Introduction Prevalence of pregnancy in women with perinatally acquired HIV infection (PAH-W) has markedly increased. HIV infection is related to preterm delivery, small for gestational age fetus (SGA), and pre-eclampsia (PE). PAH-W have higher incidence of longer periods of HIV-infection, lower levels of CD4 cells, and higher viral loads (VL). Available data are inconclusive about PAH-W related risks on pregnancy. The present study aims to analyse obstetric and perinatal outcomes in PAH-W.
Methods Retrospective cohort study involving pregnant PAH-W followed from 2005 to 2015. Results were compared to those obtained from pregnant women with sexually transmitted HIV-infection (STH-W). Antiretroviral therapy (ART), vertical transmission rate, obstetric and perinatal outcomes were considered. Chi-square, Fish extract, Mann-Whitney-Wilcoxon, and Student’s T tests were applied to non-continuous and continuous samples.
Results PAH-W group consisted of 14 patients and STH-W group had 17 women. PAH-W were younger (20.1±3.0 vs. 29.9±7.7 years, p=0.001) than STH-W. Nevertheless, groups were similar regarding to CD4 counts (471.7±271 vs. 302.7±183.5 cells/mm3, p=0.21), proportion of undetectable 34th-week VL (41.7% amongst the case group vs. 66.7%, p=0.26), and to the 34th-week VL levels (2.9±0.8 vs. 2.7±0.9 log, p=0,68). Prevalence of SGA (3 in PAH-W group vs. 1 in STH-W, p=0.28) and preterm labour (0 in PAH-W group vs. 2 in control group, p=0.49) were also similar in both groups. Neither cases of PE and spontaneous preterm delivery nor HIV-infected infant were found.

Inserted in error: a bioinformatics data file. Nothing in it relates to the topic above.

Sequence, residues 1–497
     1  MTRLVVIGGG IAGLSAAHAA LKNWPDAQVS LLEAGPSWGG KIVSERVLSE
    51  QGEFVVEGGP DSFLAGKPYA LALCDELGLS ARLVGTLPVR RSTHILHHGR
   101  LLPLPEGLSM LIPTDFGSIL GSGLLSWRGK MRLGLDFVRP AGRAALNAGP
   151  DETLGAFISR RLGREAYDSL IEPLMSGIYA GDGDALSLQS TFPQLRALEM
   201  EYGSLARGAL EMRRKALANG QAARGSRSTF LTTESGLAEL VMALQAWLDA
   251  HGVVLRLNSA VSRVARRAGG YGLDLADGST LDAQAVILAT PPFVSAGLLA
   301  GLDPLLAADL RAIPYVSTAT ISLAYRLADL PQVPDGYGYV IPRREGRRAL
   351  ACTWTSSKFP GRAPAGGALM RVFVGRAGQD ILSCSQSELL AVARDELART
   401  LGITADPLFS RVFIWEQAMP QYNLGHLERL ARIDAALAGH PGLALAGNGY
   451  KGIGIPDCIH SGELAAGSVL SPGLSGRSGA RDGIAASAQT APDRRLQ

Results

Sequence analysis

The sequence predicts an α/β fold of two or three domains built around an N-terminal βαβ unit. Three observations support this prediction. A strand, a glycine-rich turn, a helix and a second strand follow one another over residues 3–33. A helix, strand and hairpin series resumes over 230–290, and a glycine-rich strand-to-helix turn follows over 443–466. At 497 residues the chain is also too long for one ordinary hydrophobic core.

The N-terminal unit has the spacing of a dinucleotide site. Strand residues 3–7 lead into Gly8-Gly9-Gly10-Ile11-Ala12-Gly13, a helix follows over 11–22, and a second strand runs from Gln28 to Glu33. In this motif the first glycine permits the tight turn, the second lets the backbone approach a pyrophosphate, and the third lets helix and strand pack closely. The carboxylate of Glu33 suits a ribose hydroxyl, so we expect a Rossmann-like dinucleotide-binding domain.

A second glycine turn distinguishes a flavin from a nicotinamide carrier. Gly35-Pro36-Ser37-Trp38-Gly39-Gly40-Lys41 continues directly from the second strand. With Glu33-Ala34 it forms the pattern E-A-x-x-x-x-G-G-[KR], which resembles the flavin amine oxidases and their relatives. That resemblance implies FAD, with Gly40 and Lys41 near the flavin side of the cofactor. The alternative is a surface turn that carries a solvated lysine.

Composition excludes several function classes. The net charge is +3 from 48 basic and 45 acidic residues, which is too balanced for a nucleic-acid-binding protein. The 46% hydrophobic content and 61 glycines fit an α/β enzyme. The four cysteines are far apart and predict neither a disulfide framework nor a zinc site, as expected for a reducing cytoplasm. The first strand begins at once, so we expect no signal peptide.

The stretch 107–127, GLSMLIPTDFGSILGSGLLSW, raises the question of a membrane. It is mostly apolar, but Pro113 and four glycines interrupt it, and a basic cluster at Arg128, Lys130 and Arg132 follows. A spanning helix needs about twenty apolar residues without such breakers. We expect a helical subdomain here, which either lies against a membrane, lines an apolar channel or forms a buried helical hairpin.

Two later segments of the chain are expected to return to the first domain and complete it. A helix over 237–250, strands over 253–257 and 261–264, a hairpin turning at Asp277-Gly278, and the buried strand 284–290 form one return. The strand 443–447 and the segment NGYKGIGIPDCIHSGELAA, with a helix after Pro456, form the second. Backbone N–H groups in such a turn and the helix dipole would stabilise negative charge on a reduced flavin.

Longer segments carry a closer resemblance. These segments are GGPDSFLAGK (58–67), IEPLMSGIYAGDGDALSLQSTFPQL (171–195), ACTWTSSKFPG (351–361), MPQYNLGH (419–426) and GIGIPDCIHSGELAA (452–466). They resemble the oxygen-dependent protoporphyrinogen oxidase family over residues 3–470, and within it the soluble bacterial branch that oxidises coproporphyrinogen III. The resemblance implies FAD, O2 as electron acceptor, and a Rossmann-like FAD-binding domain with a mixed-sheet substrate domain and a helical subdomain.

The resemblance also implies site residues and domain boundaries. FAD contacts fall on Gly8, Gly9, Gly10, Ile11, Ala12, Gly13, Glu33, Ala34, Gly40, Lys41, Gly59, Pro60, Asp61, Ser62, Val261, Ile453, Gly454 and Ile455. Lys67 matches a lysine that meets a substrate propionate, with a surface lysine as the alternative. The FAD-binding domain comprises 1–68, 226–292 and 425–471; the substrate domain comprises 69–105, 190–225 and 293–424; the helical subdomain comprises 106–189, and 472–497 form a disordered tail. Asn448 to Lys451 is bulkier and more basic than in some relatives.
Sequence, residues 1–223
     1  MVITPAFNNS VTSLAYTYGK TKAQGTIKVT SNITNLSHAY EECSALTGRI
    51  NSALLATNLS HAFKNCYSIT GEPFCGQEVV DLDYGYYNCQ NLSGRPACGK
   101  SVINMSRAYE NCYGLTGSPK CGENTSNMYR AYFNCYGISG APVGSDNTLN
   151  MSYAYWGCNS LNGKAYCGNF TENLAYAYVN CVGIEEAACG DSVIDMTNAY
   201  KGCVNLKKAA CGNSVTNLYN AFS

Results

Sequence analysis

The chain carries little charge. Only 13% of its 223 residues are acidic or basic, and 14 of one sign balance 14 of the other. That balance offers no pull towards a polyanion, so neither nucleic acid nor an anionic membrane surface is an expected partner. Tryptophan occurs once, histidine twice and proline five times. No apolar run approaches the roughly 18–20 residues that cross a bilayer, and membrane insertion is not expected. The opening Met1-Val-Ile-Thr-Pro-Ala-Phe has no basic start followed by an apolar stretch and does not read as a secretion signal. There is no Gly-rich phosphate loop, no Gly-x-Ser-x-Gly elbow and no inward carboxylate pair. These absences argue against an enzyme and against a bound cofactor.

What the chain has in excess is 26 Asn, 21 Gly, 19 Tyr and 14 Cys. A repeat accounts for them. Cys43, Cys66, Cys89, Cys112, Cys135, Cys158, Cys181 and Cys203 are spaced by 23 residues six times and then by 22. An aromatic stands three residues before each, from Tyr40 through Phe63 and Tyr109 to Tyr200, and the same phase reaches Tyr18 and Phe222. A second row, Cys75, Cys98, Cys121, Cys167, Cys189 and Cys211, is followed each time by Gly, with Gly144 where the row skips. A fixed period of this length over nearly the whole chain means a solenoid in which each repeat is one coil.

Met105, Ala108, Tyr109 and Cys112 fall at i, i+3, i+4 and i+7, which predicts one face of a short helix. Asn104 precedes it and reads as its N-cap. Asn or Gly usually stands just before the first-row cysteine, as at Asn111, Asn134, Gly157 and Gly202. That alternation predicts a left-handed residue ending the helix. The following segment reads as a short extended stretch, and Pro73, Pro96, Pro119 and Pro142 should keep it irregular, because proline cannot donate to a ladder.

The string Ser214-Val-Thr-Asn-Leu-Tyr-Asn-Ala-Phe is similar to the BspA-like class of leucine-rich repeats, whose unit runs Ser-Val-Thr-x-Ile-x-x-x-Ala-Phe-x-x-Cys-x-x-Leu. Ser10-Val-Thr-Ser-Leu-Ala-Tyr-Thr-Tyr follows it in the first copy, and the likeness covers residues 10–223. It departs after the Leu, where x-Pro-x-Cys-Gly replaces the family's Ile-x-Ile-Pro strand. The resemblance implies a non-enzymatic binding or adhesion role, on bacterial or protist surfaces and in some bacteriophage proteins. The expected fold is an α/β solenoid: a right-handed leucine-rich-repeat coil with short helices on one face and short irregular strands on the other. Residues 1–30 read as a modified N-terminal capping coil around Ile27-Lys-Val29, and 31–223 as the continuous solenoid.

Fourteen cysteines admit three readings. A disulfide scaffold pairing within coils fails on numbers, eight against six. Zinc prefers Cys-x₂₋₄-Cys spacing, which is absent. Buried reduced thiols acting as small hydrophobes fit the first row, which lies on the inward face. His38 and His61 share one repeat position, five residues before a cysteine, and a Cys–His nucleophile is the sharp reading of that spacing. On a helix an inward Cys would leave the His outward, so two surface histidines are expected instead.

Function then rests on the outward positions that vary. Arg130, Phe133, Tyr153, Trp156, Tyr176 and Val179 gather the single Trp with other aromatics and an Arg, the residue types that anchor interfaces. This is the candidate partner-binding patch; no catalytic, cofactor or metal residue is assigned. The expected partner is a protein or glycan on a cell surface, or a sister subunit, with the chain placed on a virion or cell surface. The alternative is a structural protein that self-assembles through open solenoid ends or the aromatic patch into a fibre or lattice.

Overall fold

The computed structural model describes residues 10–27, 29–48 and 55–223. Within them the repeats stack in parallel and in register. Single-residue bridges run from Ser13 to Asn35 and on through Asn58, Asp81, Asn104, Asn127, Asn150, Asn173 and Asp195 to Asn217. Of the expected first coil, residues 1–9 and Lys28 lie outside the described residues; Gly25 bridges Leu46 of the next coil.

Conclusion PAH-W and STH-W had similar obstetric and perinatal results. Since both groups were comparable in CD4 counts and 34th-week VL levels, it is possible the occurrence of negative obstetric outcomes may be more likely related to the severity of HIV infection than to the mechanism of infection itself. Larger studies are still necessary to determine the role of PAH-W in pregnancy. However PAH-W should be emphasised on adequate ART and achieving low VL levels in order to reduce their obstetric and perinatal risks.
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